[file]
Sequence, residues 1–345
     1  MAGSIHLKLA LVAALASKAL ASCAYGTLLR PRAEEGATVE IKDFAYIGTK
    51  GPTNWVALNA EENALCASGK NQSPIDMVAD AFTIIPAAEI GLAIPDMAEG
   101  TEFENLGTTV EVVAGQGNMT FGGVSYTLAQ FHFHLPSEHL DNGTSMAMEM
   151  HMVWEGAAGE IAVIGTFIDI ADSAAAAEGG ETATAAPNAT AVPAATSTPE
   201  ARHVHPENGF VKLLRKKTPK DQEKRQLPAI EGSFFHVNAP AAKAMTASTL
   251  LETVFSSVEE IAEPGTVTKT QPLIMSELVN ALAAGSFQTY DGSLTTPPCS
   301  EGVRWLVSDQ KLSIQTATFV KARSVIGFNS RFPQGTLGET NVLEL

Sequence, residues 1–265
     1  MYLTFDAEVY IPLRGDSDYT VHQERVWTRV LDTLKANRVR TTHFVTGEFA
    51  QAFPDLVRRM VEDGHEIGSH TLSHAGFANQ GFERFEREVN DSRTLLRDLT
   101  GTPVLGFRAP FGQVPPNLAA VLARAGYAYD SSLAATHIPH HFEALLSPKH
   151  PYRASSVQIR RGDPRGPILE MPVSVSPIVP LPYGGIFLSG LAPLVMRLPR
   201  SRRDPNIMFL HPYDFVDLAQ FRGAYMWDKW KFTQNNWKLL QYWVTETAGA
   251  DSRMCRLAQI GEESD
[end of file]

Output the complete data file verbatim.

Sequence, residues 1–345
     1  MAGSIHLKLA LVAALASKAL ASCAYGTLLR PRAEEGATVE IKDFAYIGTK
    51  GPTNWVALNA EENALCASGK NQSPIDMVAD AFTIIPAAEI GLAIPDMAEG
   101  TEFENLGTTV EVVAGQGNMT FGGVSYTLAQ FHFHLPSEHL DNGTSMAMEM
   151  HMVWEGAAGE IAVIGTFIDI ADSAAAAEGG ETATAAPNAT AVPAATSTPE
   201  ARHVHPENGF VKLLRKKTPK DQEKRQLPAI EGSFFHVNAP AAKAMTASTL
   251  LETVFSSVEE IAEPGTVTKT QPLIMSELVN ALAAGSFQTY DGSLTTPPCS
   301  EGVRWLVSDQ KLSIQTATFV KARSVIGFNS RFPQGTLGET NVLEL

Sequence, residues 1–265
     1  MYLTFDAEVY IPLRGDSDYT VHQERVWTRV LDTLKANRVR TTHFVTGEFA
    51  QAFPDLVRRM VEDGHEIGSH TLSHAGFANQ GFERFEREVN DSRTLLRDLT
   101  GTPVLGFRAP FGQVPPNLAA VLARAGYAYD SSLAATHIPH HFEALLSPKH
   151  PYRASSVQIR RGDPRGPILE MPVSVSPIVP LPYGGIFLSG LAPLVMRLPR
   201  SRRDPNIMFL HPYDFVDLAQ FRGAYMWDKW KFTQNNWKLL QYWVTETAGA
   251  DSRMCRLAQI GEESD